The single most important aspect of selecting a money manager is the Investment Selection Process. WWK’s Investment Selection Process encompasses ten important factors, both quantitative and qualitative, in developing and maintaining a solid fund lineup. Our process exemplifies how and/or why certain funds are selected.
In the industry, a fund’s performance is often not reviewed in sufficient detail. We compare how a fund performed versus a relevant benchmark as well as performance within its peer group. We consider the percentile ranking the fund received over different periods of time, including the 1, 3, 5, and 10 year periods. We target funds in the top quartile in their respective categories. For example, if a fund had a ranking of 20, it outperformed 80% of the funds in its category. We avoid funds whose long-term rankings fall in the bottom quartile of their respective category.
In addition to performance, we prefer a fund that has performed well throughout a series of time periods. Although past performance is no indication of future results, the longer record typically includes the ups and downs of a full market cycle, whereas the short-term may not. It is imperative that fund managers demonstrate the ability to consistently perform well throughout different market cycles. Overall, we place more emphasis on the longer time periods.
This is probably the most overlooked category. After we have determined that a fund has a good track record, there are two additional considerations – the factors that went into their track record and the probability that those same factors will continue to work in the future. Although other components aid a fund’s performance, the manager or managers make the final investment decisions. If a fund has a great ten-year track record and the manager leaves, how relevant is the track record he or she produced?
After the unprecedented, back-to-back bear markets of 2008 and 2000-2002, many investors have altered their view regarding risk. The last 10 years, appropriately labeled “The Lost Decade,” provided negative returns for the equity markets for the first time since the Great Depression. WWK has always considered risk an important factor for investment decisions. A fund’s beta and standard deviations are excellent measures of risk. Standard deviation is a true measure of volatility. It also enables us to compare funds with different investment objectives.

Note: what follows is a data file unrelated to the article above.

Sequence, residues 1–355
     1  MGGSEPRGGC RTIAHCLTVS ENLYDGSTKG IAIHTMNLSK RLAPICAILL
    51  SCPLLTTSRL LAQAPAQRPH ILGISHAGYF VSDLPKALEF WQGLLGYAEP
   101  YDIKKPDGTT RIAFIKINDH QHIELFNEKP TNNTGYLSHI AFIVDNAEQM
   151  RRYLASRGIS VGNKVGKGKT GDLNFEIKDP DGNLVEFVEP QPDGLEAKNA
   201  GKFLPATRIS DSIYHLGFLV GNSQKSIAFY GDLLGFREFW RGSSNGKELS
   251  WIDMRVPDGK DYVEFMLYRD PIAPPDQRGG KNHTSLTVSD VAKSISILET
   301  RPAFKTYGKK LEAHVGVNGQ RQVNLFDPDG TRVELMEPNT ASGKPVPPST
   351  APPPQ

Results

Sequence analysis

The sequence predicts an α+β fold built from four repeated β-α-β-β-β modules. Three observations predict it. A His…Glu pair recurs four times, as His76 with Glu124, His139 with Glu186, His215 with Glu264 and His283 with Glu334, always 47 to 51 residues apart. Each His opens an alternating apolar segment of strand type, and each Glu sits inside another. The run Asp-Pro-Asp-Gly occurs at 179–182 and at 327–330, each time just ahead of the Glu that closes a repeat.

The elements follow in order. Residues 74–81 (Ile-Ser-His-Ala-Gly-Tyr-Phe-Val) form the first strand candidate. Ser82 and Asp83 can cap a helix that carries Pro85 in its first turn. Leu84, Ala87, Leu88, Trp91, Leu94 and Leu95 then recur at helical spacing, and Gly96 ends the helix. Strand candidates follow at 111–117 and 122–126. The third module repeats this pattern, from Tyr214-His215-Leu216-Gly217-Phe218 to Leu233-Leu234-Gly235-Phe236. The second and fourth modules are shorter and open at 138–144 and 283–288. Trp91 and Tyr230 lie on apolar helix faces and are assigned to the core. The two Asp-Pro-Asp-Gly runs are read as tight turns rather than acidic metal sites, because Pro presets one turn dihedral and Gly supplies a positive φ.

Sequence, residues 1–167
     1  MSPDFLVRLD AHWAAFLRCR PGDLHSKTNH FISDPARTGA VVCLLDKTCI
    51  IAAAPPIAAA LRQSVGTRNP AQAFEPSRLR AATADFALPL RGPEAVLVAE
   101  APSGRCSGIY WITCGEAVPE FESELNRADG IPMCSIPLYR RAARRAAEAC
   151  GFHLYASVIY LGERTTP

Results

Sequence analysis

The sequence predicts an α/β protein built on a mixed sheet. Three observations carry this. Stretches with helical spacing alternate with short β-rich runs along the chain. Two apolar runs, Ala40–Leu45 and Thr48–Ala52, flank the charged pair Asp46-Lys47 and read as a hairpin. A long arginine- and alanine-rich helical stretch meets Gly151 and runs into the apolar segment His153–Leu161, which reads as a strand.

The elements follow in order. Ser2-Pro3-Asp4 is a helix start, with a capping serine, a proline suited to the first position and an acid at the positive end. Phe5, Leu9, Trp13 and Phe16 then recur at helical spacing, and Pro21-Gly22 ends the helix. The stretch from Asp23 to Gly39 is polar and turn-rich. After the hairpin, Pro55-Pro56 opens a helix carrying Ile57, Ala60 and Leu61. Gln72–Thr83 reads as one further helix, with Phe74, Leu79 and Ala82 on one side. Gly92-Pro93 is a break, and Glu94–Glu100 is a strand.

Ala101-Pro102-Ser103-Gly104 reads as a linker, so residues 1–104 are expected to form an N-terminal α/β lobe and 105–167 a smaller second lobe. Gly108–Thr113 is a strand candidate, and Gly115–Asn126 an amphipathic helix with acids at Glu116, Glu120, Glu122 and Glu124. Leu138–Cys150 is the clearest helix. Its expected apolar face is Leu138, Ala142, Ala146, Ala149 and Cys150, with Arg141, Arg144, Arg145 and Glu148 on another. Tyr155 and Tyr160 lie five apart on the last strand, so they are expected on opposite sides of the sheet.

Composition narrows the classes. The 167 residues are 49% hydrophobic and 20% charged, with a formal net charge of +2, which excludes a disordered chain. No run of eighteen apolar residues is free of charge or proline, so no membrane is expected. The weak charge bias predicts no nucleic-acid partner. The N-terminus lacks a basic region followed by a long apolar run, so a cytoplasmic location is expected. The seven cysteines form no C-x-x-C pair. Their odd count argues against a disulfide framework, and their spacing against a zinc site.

As always, the costs paid by the investor for the management services should be reasonable. Most investors look at the cost to purchase a fund instead of the cost of owning that fund over 5 or 10 years. The single biggest fee that is overlooked is the fund’s annual expense ratio. This fee is taken directly from performance; therefore the client never sees the fee. It is very rare to find a fund with a high annual expense ratio with above average long-term performance. We also take into account any wrap, insurance or annuity fees involved with a product.
It is important to understand the style and tendencies of a fund family. Increasingly, mutual fund families are liquidating and merging funds. Conveniently, this can create “survivor bias”, the ability for fund families to eliminate a bad track record distorting their actual investment results. We consider this, as well as whether a family is inclined to have high portfolio turnover or manager turnover, and their reputation for meeting the fund’s stated investment objective.
The management company’s investment culture may truly be the most important factor. The quality and breadth of the research, as well as the internal incentive to share ideas, has a tremendous impact on the way a firm manages money. Some funds are managed strictly on computer models and balance sheet statistics. Other funds purchase outside research, while others conduct their own. The global nature of a firms’ research department can play a role as well. Consequently, too many intangibles go unaccounted for in model-based investing. Additionally, the best research is often not for sale. Therefore, we prefer management firms that conduct proprietary research.
The specific role and experience level of the research analyst is an important factor in the success of a fund. Typically, the analysts are the most knowledgeable experts in their respective sector. They provide great insight to portfolio managers because they are out in the field meeting directly with the management, suppliers, and competitors. It is even possible for these analysts to develop ongoing relationships with mid and upper-level management, giving them further insight into the capabilities of the executives running the company. Due to the importance of the position, we prefer to see long tenures in this field.
The size and stability of the investment organization certainly plays a role in our selection process. Typically the resources of a large organization are an asset. The larger investment firms are able to attract some of the brightest and most talented managers. We also consider the impact of whether a family is publicly or privately held. In light of the “Mutual Fund Scandals of 2003,” more emphasis has been placed on the integrity of the fund family.
It is not necessary to be a large fund to be successful. However, the advantages of economies of scale can be significant. Their buying power typically provides cost savings to shareholders. We find the quality smaller shops tend to be niche players. It is also important to analyze the effects of the fund’s ability to handle large flows, whether positive or negative. How a firm handles large inflows after a period of strong performance can have a notable impact on future investment results. Large flows will cause some firms to close funds. Conversely, the negative effect of net redemptions can cause liquidity problems and can force a fund to sell securities at an inopportune time. All of these factors need to be taken into account when analyzing each fund.